Resist with Games | Games, Gamers, & Gaming

If games are part of your library’s circulating media, then gamers might be among those looking for some distraction and understanding, and here are some games you could recommend.
Large group of people in the symbol shape of a gaming controller on a white background.

Large group of people in the symbol shape of a gaming controller on a white background.

These are trying times, indeed, and no doubt patrons will come to you seeking aid and comfort, whether in the form of information or entertainment. If games are part of your library’s circulating media, then gamers might be among those looking for some distraction and understanding, and here are some games you could recommend. If they’re not part of your collection in some way—either as circulating titles or on in-house stations—then waste no time in making them so.

Understanding identity

While games are naturally competitive in nature—either pitting players against one another or a single player against his/her own limitations of skill and reflex—they can also serve as a virtual safe space.

BioWare’s role-playing games, such as the “Mass Effect” and “Dragon Age” series, have always given players vast freedom in how they envision their characters, including whom they love. Many of their games present players with multiple possible love interests, and it’s completely up to the gamer to determine whom they pursue (if anyone). Some gamers purposely mirror their own sexual orientation, some role-play as the opposite of themselves, and still others simply see which characters they have the most meaningful relationship with and go from there. While this may seem a token concession, it’s significant for gamers looking for personal representation to see characters of their own identification in an accepting society—or for gamers seeking to understand how others find love.

Of course, role-playing games have existed long before video games. There are any number of tabletop versions out there, with a variety of different systems and rules. Some, such as World of Darkness’s horror- and urban fantasy–themed games (Vampire and Werewolf being the most popular) are heavily focused on character development and relationships, while others, such as the classic Dungeons and Dragons, favor adventures filled with daring deeds. All of them, however, allow the gamer to create any number of characters and imbue them with characteristics of their choosing. This can be extremely helpful to someone who harbors feelings of being unwanted, misunderstood, rejected by society, or anyone who is marginalized or disenfranchised.

The ways of peace

Look for games that demonstrate and promote peace and cooperation. Settlers of Catan is a perfect example of a competitive game that demands civility. As a game rooted in resource management and trading, it demands a certain amount of give-and-take from players. 7 Wonders is another great game that forces players to work together. They strive to build their own society and achieve economic and military strength, but it’s often necessary to conduct commerce with other players to do so. Any one player who tries to grind their opponent to dust will suffer for it, as it’s nearly impossible to win this game through force alone.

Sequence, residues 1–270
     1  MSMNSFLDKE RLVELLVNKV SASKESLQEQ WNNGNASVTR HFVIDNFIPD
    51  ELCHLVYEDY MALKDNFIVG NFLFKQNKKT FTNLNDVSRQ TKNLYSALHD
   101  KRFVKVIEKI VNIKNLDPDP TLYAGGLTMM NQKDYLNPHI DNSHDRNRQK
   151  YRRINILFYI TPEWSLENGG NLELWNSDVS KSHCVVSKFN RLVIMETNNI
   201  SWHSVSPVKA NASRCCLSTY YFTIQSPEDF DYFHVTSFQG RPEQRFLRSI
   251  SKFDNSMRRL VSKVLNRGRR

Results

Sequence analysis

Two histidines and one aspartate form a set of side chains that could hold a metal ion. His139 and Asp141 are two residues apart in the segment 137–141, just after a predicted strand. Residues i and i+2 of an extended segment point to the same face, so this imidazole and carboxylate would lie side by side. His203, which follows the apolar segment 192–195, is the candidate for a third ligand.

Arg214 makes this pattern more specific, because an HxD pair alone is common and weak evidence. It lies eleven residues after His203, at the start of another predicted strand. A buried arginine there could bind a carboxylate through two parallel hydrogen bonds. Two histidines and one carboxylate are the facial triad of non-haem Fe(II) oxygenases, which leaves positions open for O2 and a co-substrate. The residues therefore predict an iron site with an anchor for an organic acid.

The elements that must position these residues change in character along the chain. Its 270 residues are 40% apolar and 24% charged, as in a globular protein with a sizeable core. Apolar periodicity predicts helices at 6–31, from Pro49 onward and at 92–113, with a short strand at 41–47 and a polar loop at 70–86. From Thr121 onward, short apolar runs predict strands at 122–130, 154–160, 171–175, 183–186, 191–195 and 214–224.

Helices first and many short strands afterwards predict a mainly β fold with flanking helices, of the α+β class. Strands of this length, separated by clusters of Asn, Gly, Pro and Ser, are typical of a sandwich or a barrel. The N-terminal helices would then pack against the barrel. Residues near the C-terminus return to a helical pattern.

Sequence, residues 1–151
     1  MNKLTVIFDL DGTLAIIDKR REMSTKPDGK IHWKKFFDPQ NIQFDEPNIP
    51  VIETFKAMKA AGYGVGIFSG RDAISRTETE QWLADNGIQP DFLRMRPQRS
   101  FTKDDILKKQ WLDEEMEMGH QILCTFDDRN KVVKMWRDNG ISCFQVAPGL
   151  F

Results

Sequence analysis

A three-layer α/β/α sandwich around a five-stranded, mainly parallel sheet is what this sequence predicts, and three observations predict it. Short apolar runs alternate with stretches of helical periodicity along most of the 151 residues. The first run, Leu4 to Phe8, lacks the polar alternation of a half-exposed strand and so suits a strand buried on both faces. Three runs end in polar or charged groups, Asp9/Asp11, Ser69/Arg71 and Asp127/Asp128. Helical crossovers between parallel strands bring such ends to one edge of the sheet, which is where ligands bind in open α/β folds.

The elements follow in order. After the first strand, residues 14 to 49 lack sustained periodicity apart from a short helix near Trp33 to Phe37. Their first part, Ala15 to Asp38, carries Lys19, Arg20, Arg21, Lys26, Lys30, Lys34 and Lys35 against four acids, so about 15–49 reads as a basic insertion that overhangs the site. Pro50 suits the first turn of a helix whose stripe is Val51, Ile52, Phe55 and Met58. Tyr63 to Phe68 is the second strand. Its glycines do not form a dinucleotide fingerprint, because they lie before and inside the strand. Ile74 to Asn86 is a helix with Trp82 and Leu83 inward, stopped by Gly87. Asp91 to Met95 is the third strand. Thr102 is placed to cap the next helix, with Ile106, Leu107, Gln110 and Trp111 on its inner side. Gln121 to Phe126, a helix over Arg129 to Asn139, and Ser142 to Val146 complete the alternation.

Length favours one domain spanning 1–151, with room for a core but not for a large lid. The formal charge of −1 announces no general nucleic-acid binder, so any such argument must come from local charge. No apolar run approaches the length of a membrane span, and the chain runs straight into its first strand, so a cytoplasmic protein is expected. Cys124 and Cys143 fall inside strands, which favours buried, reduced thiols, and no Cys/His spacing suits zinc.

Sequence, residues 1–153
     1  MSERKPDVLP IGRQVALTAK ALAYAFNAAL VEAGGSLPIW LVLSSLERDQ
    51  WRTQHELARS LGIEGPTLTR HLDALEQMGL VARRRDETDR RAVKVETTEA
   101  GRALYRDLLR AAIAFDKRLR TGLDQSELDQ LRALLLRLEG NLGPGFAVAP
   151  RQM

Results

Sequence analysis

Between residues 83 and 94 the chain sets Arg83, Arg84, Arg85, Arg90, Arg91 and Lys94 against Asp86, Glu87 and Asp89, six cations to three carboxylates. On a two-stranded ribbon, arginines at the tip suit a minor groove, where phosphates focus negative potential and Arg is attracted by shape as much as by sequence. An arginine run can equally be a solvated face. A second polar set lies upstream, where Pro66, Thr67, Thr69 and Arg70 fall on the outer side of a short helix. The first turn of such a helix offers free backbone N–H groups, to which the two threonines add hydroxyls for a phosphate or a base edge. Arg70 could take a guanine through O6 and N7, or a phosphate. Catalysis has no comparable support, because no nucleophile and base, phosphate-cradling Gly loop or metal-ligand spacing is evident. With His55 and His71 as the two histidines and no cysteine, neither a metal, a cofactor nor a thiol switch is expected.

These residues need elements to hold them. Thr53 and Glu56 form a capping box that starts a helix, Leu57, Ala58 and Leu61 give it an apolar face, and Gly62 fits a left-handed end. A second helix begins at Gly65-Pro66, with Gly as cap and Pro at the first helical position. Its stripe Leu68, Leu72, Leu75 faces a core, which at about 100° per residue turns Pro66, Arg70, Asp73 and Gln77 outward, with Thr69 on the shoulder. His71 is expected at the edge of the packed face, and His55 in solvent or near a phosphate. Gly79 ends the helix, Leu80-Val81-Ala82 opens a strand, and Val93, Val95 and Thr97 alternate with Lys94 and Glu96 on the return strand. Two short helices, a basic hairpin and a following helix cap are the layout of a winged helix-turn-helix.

The “Civilization” series has always been a critical and fan favorite, and the most recent entry in the series came out late last year. Like its board game cousins, this version features the player or players managing a civilization, building it from its most basic agrarian roots to a sprawling society. There are many ways to achieve victory, including through military might, but building trade relations and alliances—and maintaining them—are necessary no matter what strategy is implemented.

The darkest time line

There’s been a spike in interest of dystopian fiction ever since the presidential inauguration, according to Amazon, most likely because people want to examine how society might fall to ruin so easily. There are games that allow players to do that as well.

Of course, the most popular game series that is dystopian in nature is the “Fallout” series. Set in the wake of an all-out nuclear war, these games have players taking on the role of a survivor who must (for varying reasons) venture into a wasteland on a personal quest. While the older games are available on PC, the fourth installment in the series is readily available on modern consoles.

The “Bioshock” series also explores a society gone horribly wrong and shows the dangers of a community without regulation or ethical enforcement.

Keep calm and carry on

Many gamers demand that politics stay out of games, but the truth is that politics are inescapable. Advocate for games that ask tough questions, and encourage your patrons to seek answers in those activities.

When all else fails, at least you can offer your patrons games that will allow them to detach and forget about the real world for a while. Nintendo is your best friend when it comes to bright, colorful, and cheerful stories and characters.

There’s never been a more important time for a supportive library community, and there’s no better way to build that community than with games.

So until next time, just keep telling yourself: everything’s going to be okay.

M. Brandon Robbins is Media Coordinator, Goldsboro High School, NC, and a member of the 2011 class of the American Library Association’s Emerging Leaders

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